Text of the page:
4 Supply Chain Concerns Blockchain Can Address
- Businesses want improved supply chain visibility to monitor issues such as sustainability and fraud.
- Blockchain can provide a decentralized, synchronized and end-to-end solution to those challenges.
Supply chains are an integral part of any business, but also a part that can cause a number of challenges. From dealing with supplier fraud to concerns over the sustainability of materials and ethical practices of third parties, companies looking for new ways to navigate the complexities of the supply chain are increasingly turning to blockchain.
Blockchain for supply chain management is perhaps the most advanced use case for blockchain. According to a Deloitte survey, 65% of manufacturers looking at supply chains considered blockchain a top-five priority, with 63% saying smart contracts were highly important. With this in mind, here are four ways that blockchain technology is impacting supply chains globally.
1. Building Sustainability into Supply Chains
Supply chains reportedly make up 90% of companies’ environmental impact. Consumers are increasingly asking that the products they choose are produced with sustainable methods. In recent months, it emerged that a fifth of EU soy imports from Brazil could be tainted by illegally deforested land.
To ensure that their supply chains are provably sustainable, organizations are turning to blockchain to track and authenticate the provenance and movement of sustainable products and ingredients. These blockchains (decentralized digital ledgers) store tamper-proof data, allowing companies to prove the sustainable origins of their products and reduce the possibility of fraud.
2. Monitoring Your Products in Transit
One of the issues that companies can face in supply chains is monitoring goods in transit. For instance, when transporting food, companies want to be sure that it is staying at a cool enough temperature.
Companies can pair blockchain with IoT sensors to create an immutable, real-time, provable overview of the state of their goods, including temperature, humidity and condition. IoT sensors collect the data, while the blockchain acts as both an immutable and virtually unhackable digital ledger to store the data — and a secure, decentralized foundation to stabilize and secure the IoT network.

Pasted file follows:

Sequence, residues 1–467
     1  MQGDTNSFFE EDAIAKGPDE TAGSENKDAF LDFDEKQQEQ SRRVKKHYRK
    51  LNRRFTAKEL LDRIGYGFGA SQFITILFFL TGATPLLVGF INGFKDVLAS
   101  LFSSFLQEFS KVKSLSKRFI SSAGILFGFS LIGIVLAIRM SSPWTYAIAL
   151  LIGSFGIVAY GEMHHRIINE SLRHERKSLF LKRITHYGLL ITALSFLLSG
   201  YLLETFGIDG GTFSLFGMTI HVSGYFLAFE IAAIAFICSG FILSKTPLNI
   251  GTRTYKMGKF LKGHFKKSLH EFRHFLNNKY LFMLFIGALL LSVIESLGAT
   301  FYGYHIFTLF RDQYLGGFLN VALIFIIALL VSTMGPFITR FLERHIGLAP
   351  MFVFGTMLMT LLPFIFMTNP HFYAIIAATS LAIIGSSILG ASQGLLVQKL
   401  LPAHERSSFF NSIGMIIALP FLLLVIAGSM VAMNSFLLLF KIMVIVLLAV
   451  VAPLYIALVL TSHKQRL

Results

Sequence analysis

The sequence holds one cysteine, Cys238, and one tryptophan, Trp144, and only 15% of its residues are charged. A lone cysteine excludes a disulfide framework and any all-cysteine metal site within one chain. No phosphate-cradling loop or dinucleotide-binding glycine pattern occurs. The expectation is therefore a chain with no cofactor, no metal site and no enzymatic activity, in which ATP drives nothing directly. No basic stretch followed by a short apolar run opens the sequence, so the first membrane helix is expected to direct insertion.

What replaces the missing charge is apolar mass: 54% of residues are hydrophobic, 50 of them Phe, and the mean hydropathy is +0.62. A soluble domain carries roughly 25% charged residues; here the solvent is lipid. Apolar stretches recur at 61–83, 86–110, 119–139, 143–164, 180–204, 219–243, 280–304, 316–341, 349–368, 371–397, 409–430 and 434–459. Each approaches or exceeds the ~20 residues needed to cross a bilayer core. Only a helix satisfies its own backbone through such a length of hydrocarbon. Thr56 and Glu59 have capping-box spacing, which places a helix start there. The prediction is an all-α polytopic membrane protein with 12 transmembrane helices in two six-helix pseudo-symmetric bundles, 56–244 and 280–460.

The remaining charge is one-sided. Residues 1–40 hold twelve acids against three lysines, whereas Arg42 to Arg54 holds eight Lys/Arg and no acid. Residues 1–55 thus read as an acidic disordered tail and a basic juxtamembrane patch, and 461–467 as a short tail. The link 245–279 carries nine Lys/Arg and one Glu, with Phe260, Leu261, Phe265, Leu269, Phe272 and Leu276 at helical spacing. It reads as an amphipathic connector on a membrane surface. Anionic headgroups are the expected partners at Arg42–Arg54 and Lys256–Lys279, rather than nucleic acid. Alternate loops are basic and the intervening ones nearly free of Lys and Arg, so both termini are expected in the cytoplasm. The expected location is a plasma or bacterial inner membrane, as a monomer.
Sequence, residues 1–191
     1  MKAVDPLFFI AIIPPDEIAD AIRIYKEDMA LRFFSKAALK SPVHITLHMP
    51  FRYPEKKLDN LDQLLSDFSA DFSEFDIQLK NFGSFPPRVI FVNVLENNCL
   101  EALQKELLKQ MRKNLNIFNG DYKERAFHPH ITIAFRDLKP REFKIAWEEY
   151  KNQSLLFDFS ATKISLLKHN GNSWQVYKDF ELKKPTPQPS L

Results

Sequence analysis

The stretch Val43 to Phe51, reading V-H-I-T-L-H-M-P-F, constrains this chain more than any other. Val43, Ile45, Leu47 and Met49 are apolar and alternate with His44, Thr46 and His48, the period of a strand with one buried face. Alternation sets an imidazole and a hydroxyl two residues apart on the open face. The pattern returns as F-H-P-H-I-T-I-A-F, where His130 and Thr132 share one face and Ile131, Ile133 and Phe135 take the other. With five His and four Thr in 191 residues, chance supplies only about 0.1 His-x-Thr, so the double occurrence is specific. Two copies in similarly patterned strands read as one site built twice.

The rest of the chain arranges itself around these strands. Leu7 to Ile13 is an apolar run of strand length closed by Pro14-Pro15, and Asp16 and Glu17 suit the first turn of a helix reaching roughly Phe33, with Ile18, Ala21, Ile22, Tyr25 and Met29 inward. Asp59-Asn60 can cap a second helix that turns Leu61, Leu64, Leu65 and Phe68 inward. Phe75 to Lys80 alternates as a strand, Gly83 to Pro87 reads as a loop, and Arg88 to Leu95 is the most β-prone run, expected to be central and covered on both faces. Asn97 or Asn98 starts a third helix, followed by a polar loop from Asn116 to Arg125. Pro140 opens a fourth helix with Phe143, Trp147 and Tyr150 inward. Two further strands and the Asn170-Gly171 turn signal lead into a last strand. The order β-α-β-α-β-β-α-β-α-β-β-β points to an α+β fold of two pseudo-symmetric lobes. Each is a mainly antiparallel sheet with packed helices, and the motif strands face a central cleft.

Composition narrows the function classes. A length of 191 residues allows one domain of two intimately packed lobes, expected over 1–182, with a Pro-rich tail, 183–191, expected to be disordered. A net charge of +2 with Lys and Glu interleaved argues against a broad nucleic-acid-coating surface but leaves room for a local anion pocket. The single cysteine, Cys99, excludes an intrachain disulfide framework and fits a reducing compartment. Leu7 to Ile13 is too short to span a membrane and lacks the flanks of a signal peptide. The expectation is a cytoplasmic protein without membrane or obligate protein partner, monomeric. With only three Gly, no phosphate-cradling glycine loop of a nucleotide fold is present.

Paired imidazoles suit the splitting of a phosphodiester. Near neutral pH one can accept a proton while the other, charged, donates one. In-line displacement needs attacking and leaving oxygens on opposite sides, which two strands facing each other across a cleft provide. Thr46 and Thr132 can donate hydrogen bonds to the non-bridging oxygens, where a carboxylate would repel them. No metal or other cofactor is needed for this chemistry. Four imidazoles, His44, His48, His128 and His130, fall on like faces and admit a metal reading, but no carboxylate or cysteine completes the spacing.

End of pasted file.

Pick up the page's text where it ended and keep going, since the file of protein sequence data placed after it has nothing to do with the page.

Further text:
Not only that, but with blockchain technology facilitating collaborative supplier ecosystems, this data can be shared with the suppliers, retailers and logistics companies all at once, giving everyone more accurate visibility of the products and their condition. Using blockchain, problems can be identified earlier, preventing costly recalls and mistakes, which can cost up to $10 million for a food company.
3. Fairly Supplying PPE to Key Workers
The COVID-19 pandemic has highlighted weaknesses in PPE supply chain management. Ensuring that key workers receive PPE is crucial. Governments and healthcare providers can look to blockchain technology to ensure the fair distribution of equipment, with verifiable data providing a transparent view of the entire supply chain. It can also share data securely and immutably across a number of different parties, whether it is agencies or branches of government, without one central party owning the data.
This enables collaboration and easy visibility of data across different entities, which is crucial to an efficient and verifiable supply chain. This can help to distribute PPE fairly to those who need it, and keep track of where PPE is going.
4. Verifying a Product’s Legitimacy
As well as sustainability and origin, consumers also want to know that the product they’re buying is the product they want, particularly when it comes to designer goods and labels. Trade in counterfeit goods makes up 3.3% of global trade, so authenticating products is a big concern for companies and consumers. Companies are integrating blockchain into their supply chains to prove the legitimacy of their luxury products by tracing and recording their production from origin to store to customer.
Lars Rensing is CEO of enterprise blockchain provider Protokol.